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For most people, your home will be the largest single investment you will ever make, so making the wrong decision can become a very expensive mistake. Taking the wrong mortgage can end up costing thousands of pounds extra over the lifetime of the loan. What appears to be the cheapest on day one, will not always prove to be so over an extended period of time.

We have access to a panel of lenders representative of the whole market, which means that they can offer you more than 3,000 different mortgage products from over 54 lenders, including many that are not available in the High Street.

Mortgage types

Capital Interest

The monthly payment combines both repayment of capital and interest so that the loan is guaranteed to be repaid at the end of the mortgage term, often 25 years, depending on your age. The monthly repayment will vary with any change in the mortgage interest rate. Consequently, it is important to factor in a rise in interest rates to ensure continued affordability.

Interest Only

A mortgage has to be redeemed by the end of the specified term, more commonly as above with a combination of capital and interest on a monthly basis.  However, in some circumstances, a lender will allow the payment of the interest charged only, leaving the borrower with the responsibility of repaying the mortgage at the end of the term, usually with a savings vehicle such as an ISA or pension.

As with a capital repayment mortgage, the monthly payment of interest may increase with a rise in the mortgage interest rate.


A flexible mortgage permits both the underpayment and overpayment of the loan with changing circumstances. It is also possible to build up a cash reserve from which funds can be withdrawn for other purposes or a financial emergency.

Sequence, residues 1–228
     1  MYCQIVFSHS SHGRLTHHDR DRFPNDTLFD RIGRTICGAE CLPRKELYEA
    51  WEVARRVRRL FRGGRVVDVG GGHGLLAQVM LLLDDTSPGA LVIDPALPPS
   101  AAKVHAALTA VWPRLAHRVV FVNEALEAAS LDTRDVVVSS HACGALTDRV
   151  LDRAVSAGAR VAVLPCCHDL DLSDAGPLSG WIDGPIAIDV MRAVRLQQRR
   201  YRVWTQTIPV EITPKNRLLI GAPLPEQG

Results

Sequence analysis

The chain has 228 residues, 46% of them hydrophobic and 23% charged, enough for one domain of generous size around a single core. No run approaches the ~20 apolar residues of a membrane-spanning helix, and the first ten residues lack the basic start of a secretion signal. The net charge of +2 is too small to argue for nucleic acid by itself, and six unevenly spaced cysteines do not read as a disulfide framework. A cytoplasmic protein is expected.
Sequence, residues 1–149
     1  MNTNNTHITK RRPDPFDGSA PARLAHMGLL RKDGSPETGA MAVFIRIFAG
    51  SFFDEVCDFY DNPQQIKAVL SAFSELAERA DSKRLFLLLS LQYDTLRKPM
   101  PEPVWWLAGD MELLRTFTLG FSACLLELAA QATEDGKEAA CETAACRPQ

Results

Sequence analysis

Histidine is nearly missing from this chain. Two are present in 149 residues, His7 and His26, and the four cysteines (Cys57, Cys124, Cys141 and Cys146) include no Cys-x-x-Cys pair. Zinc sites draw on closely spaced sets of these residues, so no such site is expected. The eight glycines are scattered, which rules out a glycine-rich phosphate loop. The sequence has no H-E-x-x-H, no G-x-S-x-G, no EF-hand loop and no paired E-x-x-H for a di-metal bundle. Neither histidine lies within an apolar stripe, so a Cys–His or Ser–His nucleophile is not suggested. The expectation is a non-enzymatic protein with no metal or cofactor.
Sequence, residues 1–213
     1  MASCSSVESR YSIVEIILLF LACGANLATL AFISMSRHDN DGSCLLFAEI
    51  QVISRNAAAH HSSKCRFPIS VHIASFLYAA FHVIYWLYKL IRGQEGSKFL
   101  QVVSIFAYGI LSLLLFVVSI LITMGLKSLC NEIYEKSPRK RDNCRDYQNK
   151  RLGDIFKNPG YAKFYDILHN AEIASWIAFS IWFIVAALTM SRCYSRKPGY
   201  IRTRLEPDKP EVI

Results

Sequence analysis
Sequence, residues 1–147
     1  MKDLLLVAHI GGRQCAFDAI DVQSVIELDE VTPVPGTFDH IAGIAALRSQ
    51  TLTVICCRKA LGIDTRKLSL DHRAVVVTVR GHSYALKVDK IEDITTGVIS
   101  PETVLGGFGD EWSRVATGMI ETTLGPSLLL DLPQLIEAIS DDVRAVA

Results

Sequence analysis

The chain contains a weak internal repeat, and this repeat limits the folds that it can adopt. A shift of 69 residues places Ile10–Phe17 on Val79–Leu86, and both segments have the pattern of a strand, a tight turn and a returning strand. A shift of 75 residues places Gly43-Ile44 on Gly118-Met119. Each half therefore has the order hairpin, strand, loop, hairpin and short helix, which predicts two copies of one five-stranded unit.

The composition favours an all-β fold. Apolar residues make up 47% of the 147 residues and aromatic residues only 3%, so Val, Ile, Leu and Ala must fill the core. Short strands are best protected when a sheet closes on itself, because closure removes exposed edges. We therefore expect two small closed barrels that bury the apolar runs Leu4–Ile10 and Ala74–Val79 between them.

A variable rate mortgage links your monthly repayment to the prevailing rate of interest, which can change in line with the lender’s standard mortgage interest rate or the Bank of England Base Rate. Once again, careful budgeting is important to ensure future affordability is not a problem.


This is a facility whereby the initial rate at which interest is charged is lower than the standard variable rate for a specified period, eg. two years. It is invariably used as a marketing tool to attract new borrowers. It can be useful for professionals and younger practitioners in particular whose earnings are expected to rise within the discount period.


A fixed rate of interest for a period of, say, two or five years, can be very useful for borrowers wishing to be certain of their monthly repayments or whose income is limited and expenses high. Predicting the future movements of interest rates is a difficult call but the rate is often set in the lender’s interests so careful consideration should be given in determining whether it is worth paying a fee for. Furthermore, opting for a fixed rate invariably means sacrificing flexibility.